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Neuroimage Clin. 2019 Aug 19;24:101986. doi: 10.1016/j.nicl.2019.101986. [Epub ahead of print]

Assessment of a prognostic MRI biomarker in early de novo Parkinson's disease.

Author information

1
Montreal Neurological Institute, McGill University, Montreal, QC, Canada; Department of Neurology and Neurosurgery, McGill University, Montreal, QC, Canada.
2
Montreal Neurological Institute, McGill University, Montreal, QC, Canada; Department of Neurology and Neurosurgery, McGill University, Montreal, QC, Canada; Division of Clinical Geriatrics, Department of Neurobiology, Care Sciences and Society (NVS), Karolinska Institutet, Stockholm, Sweden.
3
Montreal Neurological Institute, McGill University, Montreal, QC, Canada.
4
Montreal Neurological Institute, McGill University, Montreal, QC, Canada; Centre for Advanced Research in Sleep Medicine, Hôpital du Sacré-Cœur de Montréal, Montréal, QC, Canada.
5
Montreal Neurological Institute, McGill University, Montreal, QC, Canada; Department of Neurology and Neurosurgery, McGill University, Montreal, QC, Canada. Electronic address: alain.dagher@mcgill.ca.

Abstract

BACKGROUND:

Commonly used neuroimaging biomarkers in Parkinson's disease (PD) are useful for diagnosis but poor at predicting outcomes. We explored whether an atrophy pattern from whole-brain structural MRI, measured in the drug-naïve early stage, could predict PD prognosis.

METHODS:

362 de novo PD patients with T1-weighted MRI (n = 222 for the main analysis, 140 for the validation analysis) were recruited from the Parkinson's Progression Markers Initiative (PPMI). We investigated a previously identified PD-specific network atrophy pattern as a potential biomarker of disease severity and prognosis. Progression trajectories of motor function (MDS-UPDRS-part III), cognition (Montreal Cognitive Assessment (MoCA)), and a global composite outcome measure were compared between atrophy tertiles using mixed effect models. The prognostic value of the MRI atrophy measure was compared with 123I ioflupane single photon emission computed tomography, the postural-instability-gait-disturbance score, and cerebrospinal fluid markers.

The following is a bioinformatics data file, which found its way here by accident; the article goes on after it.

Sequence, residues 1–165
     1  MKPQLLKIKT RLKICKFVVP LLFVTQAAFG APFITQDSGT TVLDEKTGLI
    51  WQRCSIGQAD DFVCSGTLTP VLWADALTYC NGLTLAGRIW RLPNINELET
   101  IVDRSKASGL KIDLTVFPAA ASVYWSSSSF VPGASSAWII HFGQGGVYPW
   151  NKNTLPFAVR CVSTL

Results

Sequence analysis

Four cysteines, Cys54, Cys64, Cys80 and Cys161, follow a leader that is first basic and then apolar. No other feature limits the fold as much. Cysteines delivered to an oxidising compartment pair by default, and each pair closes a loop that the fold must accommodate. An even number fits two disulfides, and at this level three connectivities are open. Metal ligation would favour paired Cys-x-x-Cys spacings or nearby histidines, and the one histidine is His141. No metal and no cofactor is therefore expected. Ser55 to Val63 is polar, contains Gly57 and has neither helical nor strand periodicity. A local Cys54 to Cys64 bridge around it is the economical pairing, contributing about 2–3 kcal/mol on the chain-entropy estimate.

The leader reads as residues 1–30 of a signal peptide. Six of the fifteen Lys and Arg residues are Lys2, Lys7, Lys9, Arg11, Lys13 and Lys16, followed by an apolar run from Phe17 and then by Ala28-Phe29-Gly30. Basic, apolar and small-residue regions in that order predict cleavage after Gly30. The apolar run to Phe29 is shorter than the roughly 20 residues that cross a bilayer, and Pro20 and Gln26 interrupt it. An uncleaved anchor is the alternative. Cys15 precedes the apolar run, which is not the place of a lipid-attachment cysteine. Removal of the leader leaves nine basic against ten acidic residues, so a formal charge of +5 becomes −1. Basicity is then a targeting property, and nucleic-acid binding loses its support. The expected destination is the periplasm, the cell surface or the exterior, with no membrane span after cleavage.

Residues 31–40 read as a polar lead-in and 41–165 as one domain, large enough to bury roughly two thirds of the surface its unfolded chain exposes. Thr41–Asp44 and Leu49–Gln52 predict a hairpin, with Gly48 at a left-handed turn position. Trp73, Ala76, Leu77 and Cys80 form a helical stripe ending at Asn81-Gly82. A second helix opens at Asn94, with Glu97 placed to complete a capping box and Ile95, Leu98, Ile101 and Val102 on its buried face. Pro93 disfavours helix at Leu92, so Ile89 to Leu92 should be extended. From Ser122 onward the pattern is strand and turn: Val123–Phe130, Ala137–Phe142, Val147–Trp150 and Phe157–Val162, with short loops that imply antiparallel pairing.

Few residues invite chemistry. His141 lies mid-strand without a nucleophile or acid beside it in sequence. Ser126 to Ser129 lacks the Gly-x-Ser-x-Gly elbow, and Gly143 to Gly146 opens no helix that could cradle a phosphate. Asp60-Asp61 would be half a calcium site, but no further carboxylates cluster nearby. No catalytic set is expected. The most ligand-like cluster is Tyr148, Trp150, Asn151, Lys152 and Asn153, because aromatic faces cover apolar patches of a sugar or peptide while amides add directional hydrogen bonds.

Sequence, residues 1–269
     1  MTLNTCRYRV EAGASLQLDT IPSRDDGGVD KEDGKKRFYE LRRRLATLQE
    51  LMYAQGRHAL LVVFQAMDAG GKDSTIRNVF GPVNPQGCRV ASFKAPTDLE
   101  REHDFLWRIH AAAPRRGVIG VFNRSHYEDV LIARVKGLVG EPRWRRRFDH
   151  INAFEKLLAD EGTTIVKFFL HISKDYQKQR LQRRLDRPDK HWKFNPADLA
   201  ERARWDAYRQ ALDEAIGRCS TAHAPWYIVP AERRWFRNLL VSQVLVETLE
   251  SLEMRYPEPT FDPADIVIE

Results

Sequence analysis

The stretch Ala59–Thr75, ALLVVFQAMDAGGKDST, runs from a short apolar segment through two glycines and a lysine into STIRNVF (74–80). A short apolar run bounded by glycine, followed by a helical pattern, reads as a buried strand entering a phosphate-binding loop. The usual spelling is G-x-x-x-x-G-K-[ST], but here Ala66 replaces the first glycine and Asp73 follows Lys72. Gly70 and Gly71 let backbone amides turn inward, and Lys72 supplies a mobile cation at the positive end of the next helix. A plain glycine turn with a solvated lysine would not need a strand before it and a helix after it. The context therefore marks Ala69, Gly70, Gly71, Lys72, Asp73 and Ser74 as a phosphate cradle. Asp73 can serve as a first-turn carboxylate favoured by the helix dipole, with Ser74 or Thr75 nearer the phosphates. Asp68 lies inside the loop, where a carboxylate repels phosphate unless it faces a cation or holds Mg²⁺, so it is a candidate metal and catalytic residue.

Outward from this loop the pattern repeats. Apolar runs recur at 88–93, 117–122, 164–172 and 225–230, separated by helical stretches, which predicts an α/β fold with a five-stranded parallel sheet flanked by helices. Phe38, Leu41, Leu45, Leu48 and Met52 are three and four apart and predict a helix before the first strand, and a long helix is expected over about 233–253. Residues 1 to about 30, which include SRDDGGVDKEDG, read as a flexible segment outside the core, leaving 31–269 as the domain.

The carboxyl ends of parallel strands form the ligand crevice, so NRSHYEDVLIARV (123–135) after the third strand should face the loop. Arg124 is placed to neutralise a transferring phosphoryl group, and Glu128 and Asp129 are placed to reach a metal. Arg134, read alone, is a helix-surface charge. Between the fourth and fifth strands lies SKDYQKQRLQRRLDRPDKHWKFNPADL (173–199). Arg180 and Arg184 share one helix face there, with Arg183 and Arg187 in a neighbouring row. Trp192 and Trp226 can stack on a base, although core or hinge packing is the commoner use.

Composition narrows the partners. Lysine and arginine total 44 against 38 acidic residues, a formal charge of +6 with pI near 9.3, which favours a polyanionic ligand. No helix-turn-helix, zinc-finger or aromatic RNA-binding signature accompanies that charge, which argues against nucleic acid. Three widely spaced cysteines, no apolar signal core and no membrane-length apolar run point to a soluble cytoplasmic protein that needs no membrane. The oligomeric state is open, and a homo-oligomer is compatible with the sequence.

FINDINGS:

After 4.5 years follow-up, PD-specific atrophy network score at baseline significantly predicted change in UPDRS-part III (r = -0.197, p = .003), MoCA (r = 0.253, p = .0002) and global composite outcome (r = -0.249, p = .0002). Compared with the 3rd tertile (i.e. least atrophy), the tertile with the highest baseline atrophy (i.e. the 1st tertile) had a 3-point annual faster progression in UPDRS-part III (p = .012), faster worsening of posture-instability gait scores (+0.21 further annual increase, p < .0001), faster decline in MoCA (-0.74 further annual decline in MoCA, p = .0372) and a + 0.38 (p = .0029) faster annual increase in the global composite z-score. All findings were replicated in a validation analysis using 1.5T MRI. Receiver operating characteristic analysis confirmed the superiority of the MRI biomarker, although it had modest AUC values (0.63). By comparison, the other biomarkers were limited in their ability to predict prognosis either in the main or validation analysis.

INTERPRETATION:

A PD-specific network atrophy pattern predicts progression of motor, cognitive, and global outcome in PD, and is a better predictor of prognosis than any of the other tested biomarkers. Therefore, it has potential as a prognostic biomarker for clinical trials of early PD.

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